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Co-op approach should bring economic results

Throughout the at times tortured 10-year tenure of the Tuolumne County Economic Development Co., no one questioned its goals.

Attracting new business, retention and expansion of existing enterprises, creating jobs and expanding the tax base have always been keys to the economic health of both the county and of the city of Sonora. But funding, performance and accountability questions plagued the nonprofit corporation until 2005, when the EDC became dormant.

But now county supervisors and Sonora Councilmen have voted to form a new Economic Development Authority with all the EDC's goals and none of its drawbacks.

The proposed agency would have seed or start-up money of nearly $200,000, a guaranteed annual income of at least $100,000 and a seven-member board of directors that includes two county supervisors, two Sonora Council members and three at-large community members.

This way, if the new authority falls short of reaching its goals, supervisors and council members have only themselves to blame.

Amid optimism, excitement and unanimous county and city votes, the Economic Development Authority is expected to be open for business by the first of next year.

"We have the opportunity, as city and county, to step forward and make something happen," said Sonora Administrator Greg Applegate. Businesses, both those already here and those thinking about making the move, could find a friend in the new EDA.

With the economy slumping, the timing could not be better nor the need more urgent.

Applegate, County Administrator Craig Pedro and members of the board and council should be credited with bringing the Economic Development Authority from concept to reality. Its seeds were planted early this year, at a Sonora summit hosted by the California Association for Local Economic Development.

CALED staffers, who before the summit interviewed community leaders and business owners, found that a key priority among them is bringing more and better jobs to the county. But expanding and relocating businesses need better infrastructure, ranging from roads to high-speed Internet. Summit participants agreed that providing such service is essential to the community's economy.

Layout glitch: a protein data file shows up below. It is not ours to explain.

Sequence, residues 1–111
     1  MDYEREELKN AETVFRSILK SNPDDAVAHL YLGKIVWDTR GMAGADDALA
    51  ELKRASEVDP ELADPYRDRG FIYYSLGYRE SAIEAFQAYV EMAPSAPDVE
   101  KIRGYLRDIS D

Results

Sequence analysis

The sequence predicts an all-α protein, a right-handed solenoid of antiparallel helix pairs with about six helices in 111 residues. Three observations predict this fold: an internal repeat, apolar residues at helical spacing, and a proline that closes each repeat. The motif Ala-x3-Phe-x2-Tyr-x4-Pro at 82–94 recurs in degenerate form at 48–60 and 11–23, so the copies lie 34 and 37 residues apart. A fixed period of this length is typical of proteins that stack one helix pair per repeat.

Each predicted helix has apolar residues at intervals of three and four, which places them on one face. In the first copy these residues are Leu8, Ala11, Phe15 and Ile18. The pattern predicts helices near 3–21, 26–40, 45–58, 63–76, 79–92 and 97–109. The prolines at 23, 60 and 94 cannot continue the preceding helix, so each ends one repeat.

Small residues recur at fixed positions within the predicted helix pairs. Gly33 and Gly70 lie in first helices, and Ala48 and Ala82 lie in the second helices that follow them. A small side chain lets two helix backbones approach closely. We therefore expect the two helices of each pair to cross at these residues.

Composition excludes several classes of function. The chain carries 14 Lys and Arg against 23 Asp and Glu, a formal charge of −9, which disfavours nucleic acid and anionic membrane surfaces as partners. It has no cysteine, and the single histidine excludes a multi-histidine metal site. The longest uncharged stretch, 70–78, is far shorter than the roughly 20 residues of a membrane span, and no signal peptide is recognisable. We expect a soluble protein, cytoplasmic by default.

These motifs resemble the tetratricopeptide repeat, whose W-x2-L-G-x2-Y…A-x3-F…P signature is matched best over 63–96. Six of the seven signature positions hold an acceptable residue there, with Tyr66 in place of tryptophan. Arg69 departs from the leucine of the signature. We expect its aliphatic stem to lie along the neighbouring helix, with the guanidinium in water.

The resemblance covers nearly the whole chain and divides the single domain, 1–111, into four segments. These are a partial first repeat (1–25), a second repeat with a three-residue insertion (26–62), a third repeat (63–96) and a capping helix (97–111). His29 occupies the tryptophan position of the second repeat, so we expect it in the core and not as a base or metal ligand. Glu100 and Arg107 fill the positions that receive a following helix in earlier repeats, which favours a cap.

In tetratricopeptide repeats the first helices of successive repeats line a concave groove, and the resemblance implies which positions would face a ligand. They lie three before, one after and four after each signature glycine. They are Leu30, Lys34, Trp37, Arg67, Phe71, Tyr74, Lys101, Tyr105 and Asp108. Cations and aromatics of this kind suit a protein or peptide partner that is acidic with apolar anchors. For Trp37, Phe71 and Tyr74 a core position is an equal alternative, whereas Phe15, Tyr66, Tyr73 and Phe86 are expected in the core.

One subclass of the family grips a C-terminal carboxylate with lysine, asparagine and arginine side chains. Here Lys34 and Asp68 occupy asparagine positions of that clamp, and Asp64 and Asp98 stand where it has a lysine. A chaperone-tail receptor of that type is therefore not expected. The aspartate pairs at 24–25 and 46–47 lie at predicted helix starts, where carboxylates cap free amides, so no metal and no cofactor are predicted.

Consensus emerged from the meeting. County and city leaders carried the ball from there.

Supervisor Liz Bass, a former Sonora Councilwoman, played a key role in finding funding for the new EDA. She suggested tapping an untouched fund that over 15 years had accumulated nearly $500,000 in property tax revenues paid to the county by the city under an agreement related to formation of Sonora's redevelopment agency.

Under the county plan, $195,000 of this money will be used to get the EDA started, and the remainder for a new county housing program.

More importantly, the county has proposed using its continuing income from this agreement — about $65,000 a year — for permanent EDA funding. The city, in turn, will contribute $36,000 of its own redevelopment income annually, meaning the agency can count on about $100,000 in funding a year.

This already puts the EDA well ahead of the EDC, which not only relied on dues from existing businesses but each year came to the board and council to request funds.

Its pleas often degenerated into political squabbling that yielded more irritation than income.

The new EDA, with steady income, elected leaders on its board and plans to hire an experienced administrator, will not only hit the ground running but will have an edge in reaching goals that could bring both the city and county an improved economy.

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